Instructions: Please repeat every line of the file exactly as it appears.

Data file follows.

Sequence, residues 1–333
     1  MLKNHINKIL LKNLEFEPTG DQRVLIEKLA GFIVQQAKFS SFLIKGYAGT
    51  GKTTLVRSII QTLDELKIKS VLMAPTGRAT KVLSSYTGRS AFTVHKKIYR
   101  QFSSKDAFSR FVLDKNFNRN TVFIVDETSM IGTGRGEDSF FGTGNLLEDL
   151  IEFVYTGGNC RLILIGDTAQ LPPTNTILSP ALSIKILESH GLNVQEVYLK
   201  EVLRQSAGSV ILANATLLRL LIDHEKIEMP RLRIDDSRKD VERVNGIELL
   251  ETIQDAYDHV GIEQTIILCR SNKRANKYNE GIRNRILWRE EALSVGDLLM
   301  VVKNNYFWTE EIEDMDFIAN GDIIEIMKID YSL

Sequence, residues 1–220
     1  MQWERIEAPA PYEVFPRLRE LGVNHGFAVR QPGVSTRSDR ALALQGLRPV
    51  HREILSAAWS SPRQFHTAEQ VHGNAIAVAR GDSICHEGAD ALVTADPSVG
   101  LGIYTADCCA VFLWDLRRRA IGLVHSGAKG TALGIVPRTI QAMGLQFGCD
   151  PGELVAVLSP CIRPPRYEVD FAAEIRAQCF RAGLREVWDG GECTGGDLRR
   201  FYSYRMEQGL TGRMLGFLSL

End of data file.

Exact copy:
Sequence, residues 1–333
     1  MLKNHINKIL LKNLEFEPTG DQRVLIEKLA GFIVQQAKFS SFLIKGYAGT
    51  GKTTLVRSII QTLDELKIKS VLMAPTGRAT KVLSSYTGRS AFTVHKKIYR
   101  QFSSKDAFSR FVLDKNFNRN TVFIVDETSM IGTGRGEDSF FGTGNLLEDL
   151  IEFVYTGGNC RLILIGDTAQ LPPTNTILSP ALSIKILESH GLNVQEVYLK
   201  EVLRQSAGSV ILANATLLRL LIDHEKIEMP RLRIDDSRKD VERVNGIELL
   251  ETIQDAYDHV GIEQTIILCR SNKRANKYNE GIRNRILWRE EALSVGDLLM
   301  VVKNNYFWTE EIEDMDFIAN GDIIEIMKID YSL

Sequence, residues 1–220
     1  MQWERIEAPA PYEVFPRLRE LGVNHGFAVR QPGVSTRSDR ALALQGLRPV
    51  HREILSAAWS SPRQFHTAEQ VHGNAIAVAR GDSICHEGAD ALVTADPSVG
   101  LGIYTADCCA VFLWDLRRRA IGLVHSGAKG TALGIVPRTI QAMGLQFGCD
   151  PGELVAVLSP CIRPPRYEVD FAAEIRAQCF RAGLREVWDG GECTGGDLRR
   201  FYSYRMEQGL TGRMLGFLSL